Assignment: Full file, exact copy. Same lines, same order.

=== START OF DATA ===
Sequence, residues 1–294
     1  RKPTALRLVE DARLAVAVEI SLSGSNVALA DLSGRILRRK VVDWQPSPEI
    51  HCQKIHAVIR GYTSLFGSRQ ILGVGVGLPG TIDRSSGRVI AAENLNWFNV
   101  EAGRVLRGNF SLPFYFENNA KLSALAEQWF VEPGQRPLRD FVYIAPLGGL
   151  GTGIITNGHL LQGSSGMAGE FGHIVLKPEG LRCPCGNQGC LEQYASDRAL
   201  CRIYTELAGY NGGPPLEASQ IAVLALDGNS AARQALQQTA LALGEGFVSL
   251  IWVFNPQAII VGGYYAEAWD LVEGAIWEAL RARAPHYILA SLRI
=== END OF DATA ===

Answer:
Sequence, residues 1–294
     1  RKPTALRLVE DARLAVAVEI SLSGSNVALA DLSGRILRRK VVDWQPSPEI
    51  HCQKIHAVIR GYTSLFGSRQ ILGVGVGLPG TIDRSSGRVI AAENLNWFNV
   101  EAGRVLRGNF SLPFYFENNA KLSALAEQWF VEPGQRPLRD FVYIAPLGGL
   151  GTGIITNGHL LQGSSGMAGE FGHIVLKPEG LRCPCGNQGC LEQYASDRAL
   201  CRIYTELAGY NGGPPLEASQ IAVLALDGNS AARQALQQTA LALGEGFVSL
   251  IWVFNPQAII VGGYYAEAWD LVEGAIWEAL RARAPHYILA SLRI